Cuban Baseball Player Spends the ‘Saddest Night Of His Life’ With His Family in a Kiev Shelter

Raidel Arbelay Becerra spent this Thursday with his family, his wife and two children, in a shelter near Kiev. (Raidel Arbelay)

14ymedio bigger14ymedio, Angel Salinas, Mexico, 25 February 2022 — Cuban Raidel Arbelay Becerra spent “the saddest night of his life” in Kiev with his family, his wife and two children, he tells 14ymedio. This Thursday, while reporting on the presence of Russian troops in the Ukrainian capital and the bombing, a drone was shot down by the Ukrainian Air Force. The aircraft “fell 70 meters from our house and we made the decision to flee.”

Arbelay heard on the news that in the first 24 hours the Russian military deployment caused the death of 137 Ukrainians. “War has neither friends nor winners, only losers, families in mourning, mothers without children and much more,” he stresses.

The athlete arrived in Ukraine in 1996, where he met several Cubans — at least 70 are in Kiev — and “right now we are all tense because it is expected that this Friday night the city will be attacked by the Russian aggressor.” He knows that some migrants have sought refuge in the capital’s suburbs; and others, like him and his family, in the basements of houses.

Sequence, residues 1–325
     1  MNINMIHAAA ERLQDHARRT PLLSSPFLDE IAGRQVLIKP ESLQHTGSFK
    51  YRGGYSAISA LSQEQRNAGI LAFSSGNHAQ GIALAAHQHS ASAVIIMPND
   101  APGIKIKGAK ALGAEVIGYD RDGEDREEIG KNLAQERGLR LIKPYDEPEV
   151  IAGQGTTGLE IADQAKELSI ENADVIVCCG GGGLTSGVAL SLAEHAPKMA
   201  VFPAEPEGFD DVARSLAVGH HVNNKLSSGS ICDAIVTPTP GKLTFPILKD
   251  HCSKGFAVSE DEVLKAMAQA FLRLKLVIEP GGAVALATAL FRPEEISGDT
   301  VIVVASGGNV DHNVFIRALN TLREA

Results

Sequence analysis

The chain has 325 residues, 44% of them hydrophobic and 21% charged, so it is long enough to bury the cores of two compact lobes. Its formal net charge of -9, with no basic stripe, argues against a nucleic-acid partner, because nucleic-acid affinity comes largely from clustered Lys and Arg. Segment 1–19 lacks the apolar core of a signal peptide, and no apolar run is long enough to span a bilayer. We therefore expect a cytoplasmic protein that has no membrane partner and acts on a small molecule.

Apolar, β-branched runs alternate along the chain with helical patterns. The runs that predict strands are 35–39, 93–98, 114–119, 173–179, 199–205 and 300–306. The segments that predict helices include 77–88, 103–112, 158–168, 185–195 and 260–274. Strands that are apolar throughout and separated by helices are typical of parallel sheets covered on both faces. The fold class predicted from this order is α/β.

Through Ukraine’s presidential spokesman, Sergei Nikiforov, Russian President Vladimir Putin was informed that they agreed to hold negotiations on the ceasefire and peace, according to RT. “There is a lot of misinformation,” says Arbelay. “This Friday we hope to leave for the area where they are not bombing.” The athlete’s plans do not change, he seeks to reach the border with Poland with his family.

In this conflict, the Cuban authorities have reiterated their support for Russia in the official media. “I am ashamed of the Government of my country”, expresses an annoyed Arbelay. He does not understand why the island supported “the decision of the Russian president to recognize the independence of Donetsk and Lugansk.”

The Cubans who are in Kiev, the player insists, have not received assistance or support to transfer them to safe areas. “The embassy hates us.” The situation at the moment is difficult, but we try to “stay very close.”

Arbelay’s children have spent an uneasy night. “They don’t understand much about the reason for this war.” The calls received by people who share the shelter in a friend’s house, confirm “shots and explosions in Oblon,” a residential neighborhood of Kiev, in addition to “battles in Dymer and Ivankiv.”


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